2. these systems make for pliable, malleable little soldiers ready for the picking.
The second group that benefits from these systems of power are white women and white passing women. It’s why we, women of color and intersectional feminists, have such a problem with white women continuously making political decisions against their own interests. Because they’re betting on their white privilege to protect them.
Meanwhile men and women of color, LGBTQ+ individuals, and other socially disenfranchised groups that are not passing, are encouraged to engage in the same maladative behaviors to compete against each other for employment, safety, or simply for the attention and approval of men within the current power structure.
The problem is, no matter how much we in-fight, betray each other, bargain with patriarchy, and sell our souls to capitalism, we will never have the same power as white men. And if you refuse to play the game? You will be rejected, disenfranchised, abused, and/or excommunicated.
The problem is that the current systems of power hurt all of us, and are dependent on our complacency, stubbornness, and naivete. As long as we are fighting each other over a slice of the pie, disenfranchising others or finding solace in the idea that at least we’re not as bad off as those other people, we are not paying attention to the fact that those in power, real power, ran off with the whole fucking pie.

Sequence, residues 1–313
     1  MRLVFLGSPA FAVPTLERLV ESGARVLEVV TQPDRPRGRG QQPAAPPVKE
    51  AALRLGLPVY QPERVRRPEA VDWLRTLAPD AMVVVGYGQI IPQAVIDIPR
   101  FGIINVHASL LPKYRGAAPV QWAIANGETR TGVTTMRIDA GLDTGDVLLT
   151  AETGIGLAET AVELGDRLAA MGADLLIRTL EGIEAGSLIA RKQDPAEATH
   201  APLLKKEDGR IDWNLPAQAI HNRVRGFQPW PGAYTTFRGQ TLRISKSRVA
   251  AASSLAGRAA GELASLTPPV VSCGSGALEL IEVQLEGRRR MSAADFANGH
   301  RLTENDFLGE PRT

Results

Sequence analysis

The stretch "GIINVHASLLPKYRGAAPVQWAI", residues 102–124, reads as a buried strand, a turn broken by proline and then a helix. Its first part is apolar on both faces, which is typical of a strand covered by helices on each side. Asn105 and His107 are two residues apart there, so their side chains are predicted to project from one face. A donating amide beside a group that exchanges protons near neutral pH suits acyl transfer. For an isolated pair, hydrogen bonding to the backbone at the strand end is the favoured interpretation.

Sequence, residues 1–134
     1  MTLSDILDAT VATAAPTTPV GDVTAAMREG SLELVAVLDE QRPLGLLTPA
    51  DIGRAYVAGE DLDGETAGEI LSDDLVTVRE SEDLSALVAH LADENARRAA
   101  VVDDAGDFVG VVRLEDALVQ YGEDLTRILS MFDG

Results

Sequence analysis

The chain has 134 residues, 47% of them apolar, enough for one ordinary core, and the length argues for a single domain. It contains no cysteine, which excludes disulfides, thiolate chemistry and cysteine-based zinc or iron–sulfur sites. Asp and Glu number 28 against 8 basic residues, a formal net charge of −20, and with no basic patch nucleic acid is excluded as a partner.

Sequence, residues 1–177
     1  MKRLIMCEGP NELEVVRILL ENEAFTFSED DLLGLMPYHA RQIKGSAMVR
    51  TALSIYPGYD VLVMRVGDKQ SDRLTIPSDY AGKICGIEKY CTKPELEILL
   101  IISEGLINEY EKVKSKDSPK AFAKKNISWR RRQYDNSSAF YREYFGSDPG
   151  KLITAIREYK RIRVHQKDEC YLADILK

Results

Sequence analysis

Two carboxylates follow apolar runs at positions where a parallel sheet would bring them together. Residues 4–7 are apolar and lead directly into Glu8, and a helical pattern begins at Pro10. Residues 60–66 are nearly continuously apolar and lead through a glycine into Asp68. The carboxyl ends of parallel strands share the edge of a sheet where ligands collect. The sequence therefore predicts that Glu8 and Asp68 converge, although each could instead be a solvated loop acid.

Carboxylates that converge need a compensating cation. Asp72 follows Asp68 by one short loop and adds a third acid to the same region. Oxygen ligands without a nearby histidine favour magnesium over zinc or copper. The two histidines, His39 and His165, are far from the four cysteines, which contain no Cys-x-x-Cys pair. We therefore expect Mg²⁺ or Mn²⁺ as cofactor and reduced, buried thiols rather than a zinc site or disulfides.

As long as you refuse to look within, you’re less likely to face the fact that every authority figure in your life lied to you.
Change isn’t easy. The process of changing bad habits and behaviors is very similar to living with addiction. With addiction recovery, you have to relearn how to go about your routine without the addiction. With behavior, you have to relearn how to function without falling back on your bad behaviors to get your way.
I think that changing behavior is harder than addiction, because:
- Addiction involves tangible things (cigarettes, drugs, alcohol) while behaviors are intangible.
- Many maladative behaviors are actually very useful in the right setting.
- The people around you may be just as maladjusted as you, or worse, giving little incentive to be better.
- If it’s worked before, what’s the point in changing?